“I firmly believe in the project, I feel drawn to it, and I think it’s important,” Katz says, adding that he wants to focus on music, “not anything negative,” and that YellowHeart thinks of itself as a delivery platform for artists and fans. “There are tens of millions of fans that want what we’re about to give them,” he says, referring to XXXTentacion’s 19 million Instagram followers. “That’s what excites me more than anything.” While Katz says he prioritized affordability, he declined to share exact figures. To make NFTs accessible for a broader group, YellowHeart’s marketplace will be one of the first to accept both crypto payments and standard credit cards. He sees this drop as a harbinger representing NFTs’ broader potential for music: “Hopefully, by us putting out the most quality, deeply thought-out, intrinsic, creative content that fans really want, we can really show why this tech is important,” he says before emphasizing that “widespread adoption” is YellowHeart’s number one goal at the moment.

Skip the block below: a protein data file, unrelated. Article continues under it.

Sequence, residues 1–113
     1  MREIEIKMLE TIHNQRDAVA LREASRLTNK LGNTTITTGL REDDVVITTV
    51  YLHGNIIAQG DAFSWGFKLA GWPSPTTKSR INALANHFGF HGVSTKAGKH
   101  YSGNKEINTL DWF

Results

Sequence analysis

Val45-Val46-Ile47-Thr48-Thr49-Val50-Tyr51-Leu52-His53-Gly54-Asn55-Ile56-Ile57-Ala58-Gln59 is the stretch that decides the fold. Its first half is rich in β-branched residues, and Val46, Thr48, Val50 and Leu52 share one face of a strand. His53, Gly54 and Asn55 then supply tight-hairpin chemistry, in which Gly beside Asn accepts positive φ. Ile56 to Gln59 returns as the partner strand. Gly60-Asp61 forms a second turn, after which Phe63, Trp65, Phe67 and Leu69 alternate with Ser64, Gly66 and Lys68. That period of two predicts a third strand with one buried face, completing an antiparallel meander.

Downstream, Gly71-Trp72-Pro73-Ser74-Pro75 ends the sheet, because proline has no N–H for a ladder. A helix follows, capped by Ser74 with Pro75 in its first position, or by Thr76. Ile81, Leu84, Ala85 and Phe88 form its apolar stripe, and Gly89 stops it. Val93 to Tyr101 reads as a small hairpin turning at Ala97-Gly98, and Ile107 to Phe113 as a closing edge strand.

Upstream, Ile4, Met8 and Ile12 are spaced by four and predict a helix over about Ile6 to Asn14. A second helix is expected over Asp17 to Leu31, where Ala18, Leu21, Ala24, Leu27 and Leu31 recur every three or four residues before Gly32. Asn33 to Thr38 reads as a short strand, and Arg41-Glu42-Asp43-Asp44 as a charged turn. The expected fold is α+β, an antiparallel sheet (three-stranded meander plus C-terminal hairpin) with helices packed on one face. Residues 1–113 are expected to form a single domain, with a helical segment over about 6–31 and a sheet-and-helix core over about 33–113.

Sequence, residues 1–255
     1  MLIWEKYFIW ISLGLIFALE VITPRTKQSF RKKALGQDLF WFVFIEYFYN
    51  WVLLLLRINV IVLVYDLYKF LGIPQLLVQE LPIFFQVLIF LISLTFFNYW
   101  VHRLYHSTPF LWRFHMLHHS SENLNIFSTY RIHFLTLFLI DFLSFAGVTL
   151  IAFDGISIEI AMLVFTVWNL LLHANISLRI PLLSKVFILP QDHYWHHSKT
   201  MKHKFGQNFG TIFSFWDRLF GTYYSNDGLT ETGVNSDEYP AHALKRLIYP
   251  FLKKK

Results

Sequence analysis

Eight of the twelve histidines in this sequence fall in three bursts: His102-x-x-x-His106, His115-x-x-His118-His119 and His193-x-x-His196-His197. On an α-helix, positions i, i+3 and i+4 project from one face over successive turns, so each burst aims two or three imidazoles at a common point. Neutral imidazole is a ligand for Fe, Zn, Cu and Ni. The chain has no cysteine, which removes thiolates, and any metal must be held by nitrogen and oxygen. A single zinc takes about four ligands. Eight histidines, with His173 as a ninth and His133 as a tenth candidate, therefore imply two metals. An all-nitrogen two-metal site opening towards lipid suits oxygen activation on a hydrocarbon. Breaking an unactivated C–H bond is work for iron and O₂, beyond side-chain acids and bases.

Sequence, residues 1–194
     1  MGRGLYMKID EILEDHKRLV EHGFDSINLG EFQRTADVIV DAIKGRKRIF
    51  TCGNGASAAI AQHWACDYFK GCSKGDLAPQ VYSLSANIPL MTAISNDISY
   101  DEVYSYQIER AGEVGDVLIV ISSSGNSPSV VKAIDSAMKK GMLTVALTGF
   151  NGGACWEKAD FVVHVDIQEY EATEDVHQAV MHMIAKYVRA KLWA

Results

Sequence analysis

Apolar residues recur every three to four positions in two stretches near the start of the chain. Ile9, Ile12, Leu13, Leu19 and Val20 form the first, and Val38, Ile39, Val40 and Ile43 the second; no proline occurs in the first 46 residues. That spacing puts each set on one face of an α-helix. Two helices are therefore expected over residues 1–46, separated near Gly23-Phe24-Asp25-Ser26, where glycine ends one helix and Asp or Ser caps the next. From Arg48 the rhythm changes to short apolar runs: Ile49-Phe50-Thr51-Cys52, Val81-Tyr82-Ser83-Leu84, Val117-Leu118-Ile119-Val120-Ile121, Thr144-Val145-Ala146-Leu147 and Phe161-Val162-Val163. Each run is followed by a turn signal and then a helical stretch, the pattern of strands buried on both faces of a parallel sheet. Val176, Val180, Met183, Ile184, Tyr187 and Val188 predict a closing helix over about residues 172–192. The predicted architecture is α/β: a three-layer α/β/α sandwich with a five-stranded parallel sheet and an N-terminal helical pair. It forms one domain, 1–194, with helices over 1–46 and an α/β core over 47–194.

Sobande, who also works in A&R at Capitol Records, says multiple companies approached him with ideas for XXXTentacion NFTs earlier this year, but Katz’s collaborative communication, and expertise in music and crypto, swayed him. The two teams worked together to turn “things that might have been undervalued over the course of [XXXTentacion’s] career” into special products for devoted fans, he says. Sobande, who also believes NFTs will continue to increase in value over time, adds that he’s determined to keep boosting the rapper’s legacy in front of new generations via emerging platforms.